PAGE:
Letter from Hillary Rodham Clinton

Letter from Hillary Rodham Clinton

Godwinks is now a household term in my family. Watching for them has made all of our faith bloom and grow. It’s almost a different form of gratitude. Of course, at times, I still slip back into my old thinking patterns. When I pray for assistance, I’m always given a nod from God that lets me know he hasn’t abandoned me. I’ve found the evidence of his love is everywhere if we only shift our focus and look.

Click here to sign up for email updates from my studio

Text and images © Sue Shanahan. All rights reserved. www.sueshanahan.com

For the Love of Grace

Grace of My Heart

Grace of My Heart

“Blessed be childhood, which brings down something of heaven into the midst of our rough earthliness” -Henri Fredric Amiel

The little girl in the above illustration is Grace Audrey McDonnell. She is one of the twenty children whose lives were cut short at Sandy Hook Elementary School last December 14. Although I didn’t know her personally, she has taken residence in my heart. I was first introduced to her while watching the news. President Obama shared Grace with the world during a speech unveiling his gun control agenda last January. The president brought to light the details of her life. He said, “Grace was seven years old when she was struck down. Just a gorgeous, caring, joyful little girl. I’m told she loved pink. She loved the beach. She dreamed of being a painter. And just before I left, Chris, her father, gave me one of her paintings. And I hung it in my private study, just off the Oval Office. And every time I look at that painting, I think about Grace …”

Hearing about Grace’s art hanging in the president’s study triggered some memories of my own. I had been beyond thrilled when I learned Hillary Clinton had hung my portrait of Chelsea in her private study when she was first lady. It saddened me Grace wasn’t here to know of the honor bestowed upon her painting.

I was drawn to Grace and began reading articles about her short life. We had so much in common. Like me, she was born with the soul of an artist. When she grew up, she wanted to live on Martha’s Vineyard. Vacationing there every summer for years, I share her love for everything about that island. And I learned that, like me, some of her happiest moments were spent there.

I felt such a connection to Grace. The thought began coming to me that I had to paint a portrait of her for her parents. I tried to dismiss it as just a sympathetic impulse, but the entreaty wouldn’t leave me alone. I had the distinct feeling it was something Grace wanted me to do. It was my part to play in her family’s healing. The painting would be a gift from Grace through me. I tried pushing these thoughts down but they were always there, humming in the background. Finally, I surrendered to them and tracked down her mom, Lynn. Understanding she might be wary, I expressed my conviction with trepidation. Grief is such a personal thing. I didn’t want to add to her parent’s burden in any way. Lynn accepted my offer and sent me the program from Grace’s memorial service. When I opened it up, I knew I had found the picture to base her portrait on. Inside the booklet was a photo of Grace taken by her mother at the Martha’s Vineyard Agricultural Fair. The pensiveness in that child’s beautiful eyes revealed her soul – a look only a mother could capture.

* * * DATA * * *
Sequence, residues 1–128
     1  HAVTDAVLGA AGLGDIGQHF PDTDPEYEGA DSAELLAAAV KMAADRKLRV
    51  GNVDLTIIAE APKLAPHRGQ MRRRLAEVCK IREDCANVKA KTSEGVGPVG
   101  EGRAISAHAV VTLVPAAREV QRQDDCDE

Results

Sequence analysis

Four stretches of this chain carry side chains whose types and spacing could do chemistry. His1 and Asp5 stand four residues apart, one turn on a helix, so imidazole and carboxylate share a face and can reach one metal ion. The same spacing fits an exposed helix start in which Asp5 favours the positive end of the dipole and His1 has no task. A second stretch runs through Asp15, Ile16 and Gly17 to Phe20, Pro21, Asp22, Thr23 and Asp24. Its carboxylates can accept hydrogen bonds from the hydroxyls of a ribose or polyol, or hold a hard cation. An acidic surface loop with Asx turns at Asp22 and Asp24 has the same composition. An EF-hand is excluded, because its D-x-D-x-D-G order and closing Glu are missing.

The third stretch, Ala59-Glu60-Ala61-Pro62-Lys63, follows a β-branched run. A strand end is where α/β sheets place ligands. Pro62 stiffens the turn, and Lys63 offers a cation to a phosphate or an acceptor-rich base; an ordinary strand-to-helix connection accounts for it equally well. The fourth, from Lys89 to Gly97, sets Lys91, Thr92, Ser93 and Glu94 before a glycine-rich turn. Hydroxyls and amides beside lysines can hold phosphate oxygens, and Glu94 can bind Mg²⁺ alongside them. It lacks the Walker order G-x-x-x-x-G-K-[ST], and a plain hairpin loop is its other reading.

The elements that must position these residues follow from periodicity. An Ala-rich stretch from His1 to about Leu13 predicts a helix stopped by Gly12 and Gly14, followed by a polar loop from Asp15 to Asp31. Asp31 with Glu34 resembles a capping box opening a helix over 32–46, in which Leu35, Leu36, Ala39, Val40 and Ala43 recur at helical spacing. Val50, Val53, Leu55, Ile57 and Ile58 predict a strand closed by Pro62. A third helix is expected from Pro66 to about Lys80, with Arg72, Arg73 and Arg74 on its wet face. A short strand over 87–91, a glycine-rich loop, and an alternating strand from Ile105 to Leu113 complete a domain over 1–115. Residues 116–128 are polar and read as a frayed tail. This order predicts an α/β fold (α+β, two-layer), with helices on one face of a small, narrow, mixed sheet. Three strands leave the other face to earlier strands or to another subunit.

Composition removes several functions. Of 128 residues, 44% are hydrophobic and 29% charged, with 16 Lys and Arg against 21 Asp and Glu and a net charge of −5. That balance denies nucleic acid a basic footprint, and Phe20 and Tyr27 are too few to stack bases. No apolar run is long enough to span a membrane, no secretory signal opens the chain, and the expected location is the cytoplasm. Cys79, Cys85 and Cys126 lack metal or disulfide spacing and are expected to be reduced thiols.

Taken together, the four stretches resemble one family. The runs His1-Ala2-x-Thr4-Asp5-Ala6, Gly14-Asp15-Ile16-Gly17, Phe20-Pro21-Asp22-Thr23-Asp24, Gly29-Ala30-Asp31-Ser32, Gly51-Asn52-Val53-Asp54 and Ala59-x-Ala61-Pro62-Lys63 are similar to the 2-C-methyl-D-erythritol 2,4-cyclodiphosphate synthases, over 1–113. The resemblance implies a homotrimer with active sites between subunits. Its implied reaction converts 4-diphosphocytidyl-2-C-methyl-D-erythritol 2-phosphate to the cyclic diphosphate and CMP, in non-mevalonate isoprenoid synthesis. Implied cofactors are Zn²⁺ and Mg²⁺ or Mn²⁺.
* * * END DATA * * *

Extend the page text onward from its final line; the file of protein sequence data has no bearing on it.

Last week, I put the finishing touches on my painting of Grace. All that’s left to do is pack it up and ship it to her family. My hope is that anyone who reads this post prays for Grace, and for the healing of all those she left behind. Collective prayer always brings miracles.

Grace Audrey McDonnell didn’t have an ounce of hate in her. She was the light and the love of her family. She was Chris and Lynn’s daughter and Jack’s little sister. She was a granddaughter, a friend and loved by many. But to me, she will always be, simply Grace of my heart.

Click here to sign up for email updates from my studio

All text and images © Sue Shanahan. All rights reserved. www.sueshanahan.com

Keep Going: Harriet Tubman’s Legacy

keep-going_edited-1Don’t ever stop. Keep going. If you want a taste of freedom, keep going.”                Harriet Tubman

No one knows if Harriet Tubman really uttered these words, but there isn’t any question that  she lived them. Harriet was born into slavery and raised in a world with no hope. Still, she dreamed her dreams and did what she had to do. She broke the law of the land by following the North Star to freedom. Where did a woman who was whipped as a child get that kind of courage?

Harriet had a deep and abiding faith that she was being guided. She was steadfast in her conviction that all she had to do was keep going and God would take care of the details. She shepherded over 300 slaves to freedom. If any of her fugitive charges became faint-hearted and wanted to turn around, she threatened to shoot them. Turning back could mean death to them all. She gave them no choice but to keep going.

I too have been known to buckle and want to backtrack. Somehow the pain of the mundane seems safer than pioneering into new territory. The only way I’m able to move past that kind of paralyzation is to borrow some of Miss Harriet’s grit. She always remembered to ask for direction and then listen for the answer. The way was always made clear. What stands between me and that kind of guidance? Remembering to ask. harriet-tubman-wanted-poster_edited-1
Harriet’s life has been a beacon to many. In Hillary Clinton’s 2008 speech for the Democratic convention, she shared my admiration.

There are many books written about this remarkable woman’s life. One of my favorites is Courage to Run by my friend, Wendy Lawton.

*Click here to sign up for email updates from my studio

Text and images © Sue Shanahan. All rights reserved.  www.sueshanahan.com